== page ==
We have formalized this practice in several ways. The Faculty Senate now teams up with the Alumni Association and vice president for research and public service sponsor a faculty speakers bureau. This organization connects faculty speakers/participants with citizen and educational groups throughout Virginia and (through links with alumni clubs throughout the country and abroad) with broader audiences. The goal is to extend our intellectual reach well beyond the Grounds.

Our Commonwealth 2020 Lecture Series, entitled "Engaging the Mind," this year sponsors free faculty lectures throughout the state in communities as diverse as Fairfax County, Abingdon, and the Tidewater. Faculty members including Will Thomas, who directs the Virginia Center for Digital History, Steve Majewski of the Department of Astronomy, Larry Sabato, pediatrician Kimberly Dunsmore, and A. E. Dick Howard, who has literally written modern constitutions in a dozen places, including Virginia, are addressing such topics as Civil War digital historiography, The Milky Way, the 2000 and 2001 elections, childhood leukemia, and the Supreme Court. And their audiences are women and men whose daily occupations involve insurance or farming or running a family business, and scores of other non-University activities.

Other faculty, sought out by news media, governmental agencies, and citizens' groups, remain busily engaged in responding to the questions that the nation, unsettled by the attacks of September 11 and by financial decline, needs addressed. As I write at the close of the year, the Commonwealth of Virginia, suffering from a $1.2 billion budget shortfall, must decide how to provide various essential services in a fiscally responsible way. It is probably true to say that no subject matters more just now to Virginia's people and leaders and University itself than how to deal strategically with the recession that began last spring. John Knapp, the economics research director of the University's Weldon Cooper Center for Public Service, has stepped up to the plate. His advice to a non-partisan business-sponsored Conference on Virginia's Future has generated an interregnum and non-partisan public debate about how to modernize the state and local tax system. No political leader could have had this impact because all carry some partisan coloration. Mr. Knapp's independence and (in the best sense) disinterest make him an essential figure in what all of us see as a deeply serious discussion.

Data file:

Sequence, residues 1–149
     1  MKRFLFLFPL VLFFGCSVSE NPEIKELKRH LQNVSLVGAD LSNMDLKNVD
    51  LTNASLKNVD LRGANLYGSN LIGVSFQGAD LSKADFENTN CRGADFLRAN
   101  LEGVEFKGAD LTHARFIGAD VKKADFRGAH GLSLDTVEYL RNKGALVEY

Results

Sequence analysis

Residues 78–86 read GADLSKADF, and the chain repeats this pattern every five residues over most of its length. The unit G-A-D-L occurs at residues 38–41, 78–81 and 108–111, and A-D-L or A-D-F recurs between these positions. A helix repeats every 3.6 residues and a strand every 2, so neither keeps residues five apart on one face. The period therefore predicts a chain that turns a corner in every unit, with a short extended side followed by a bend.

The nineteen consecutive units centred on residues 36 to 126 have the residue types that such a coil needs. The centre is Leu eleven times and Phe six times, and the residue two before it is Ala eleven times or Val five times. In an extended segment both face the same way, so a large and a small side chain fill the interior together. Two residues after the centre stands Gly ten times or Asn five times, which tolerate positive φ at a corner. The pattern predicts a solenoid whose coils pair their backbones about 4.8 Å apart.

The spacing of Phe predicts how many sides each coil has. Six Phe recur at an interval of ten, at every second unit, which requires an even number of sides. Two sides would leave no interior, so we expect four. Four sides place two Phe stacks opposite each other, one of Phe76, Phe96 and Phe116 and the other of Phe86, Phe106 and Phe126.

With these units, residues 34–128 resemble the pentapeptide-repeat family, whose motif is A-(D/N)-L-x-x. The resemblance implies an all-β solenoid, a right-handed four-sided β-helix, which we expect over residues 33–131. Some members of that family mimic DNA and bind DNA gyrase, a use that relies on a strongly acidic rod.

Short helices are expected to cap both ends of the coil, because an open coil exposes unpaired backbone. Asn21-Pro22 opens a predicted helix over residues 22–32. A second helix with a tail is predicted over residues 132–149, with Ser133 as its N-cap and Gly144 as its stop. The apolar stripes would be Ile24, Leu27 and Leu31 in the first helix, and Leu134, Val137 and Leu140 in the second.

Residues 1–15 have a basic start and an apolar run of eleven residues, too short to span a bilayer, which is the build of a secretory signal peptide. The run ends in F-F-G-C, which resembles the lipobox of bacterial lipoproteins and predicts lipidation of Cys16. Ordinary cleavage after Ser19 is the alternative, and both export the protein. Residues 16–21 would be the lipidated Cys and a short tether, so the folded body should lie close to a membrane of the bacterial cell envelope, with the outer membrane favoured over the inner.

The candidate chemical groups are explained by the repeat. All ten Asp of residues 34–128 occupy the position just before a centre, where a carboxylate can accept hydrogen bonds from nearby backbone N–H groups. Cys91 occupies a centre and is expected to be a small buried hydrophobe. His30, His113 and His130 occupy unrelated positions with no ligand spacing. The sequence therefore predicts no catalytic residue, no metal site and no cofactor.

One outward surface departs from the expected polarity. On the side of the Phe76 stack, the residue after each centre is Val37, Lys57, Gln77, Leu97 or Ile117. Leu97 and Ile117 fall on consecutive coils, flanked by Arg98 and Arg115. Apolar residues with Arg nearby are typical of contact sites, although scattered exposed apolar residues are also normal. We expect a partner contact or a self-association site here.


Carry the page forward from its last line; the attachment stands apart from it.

Once upon a time, professors may have remained within the boundaries of cloistered intellectual ground, within disciplines or departments. The research university may once have only pure knowledge, untainted by the rough and tumble of daily life. If so (and I doubt it), no more. Faculty have come out of their studies emphatically. In the expansion of their role in civic education, the public discourse itself has changed for the better. Academic research has deepened civic conversation about vital social issues, indeed (as I explained in my annual year's end letter to alumni) about our republic's survival and hope for the future.

In this new exchange of ideas and forums, the discourse itself has been enriched. As public intellectual, a professor like Larry Sabato speaks with a voice heard in the marketplace of ideas and comes to shape and provide the knowledge that Mr. Jefferson saw as essential to the well-being of citizens charged with upholding democratic institutions. Our resources could not be put to better use.

John T. Casteen III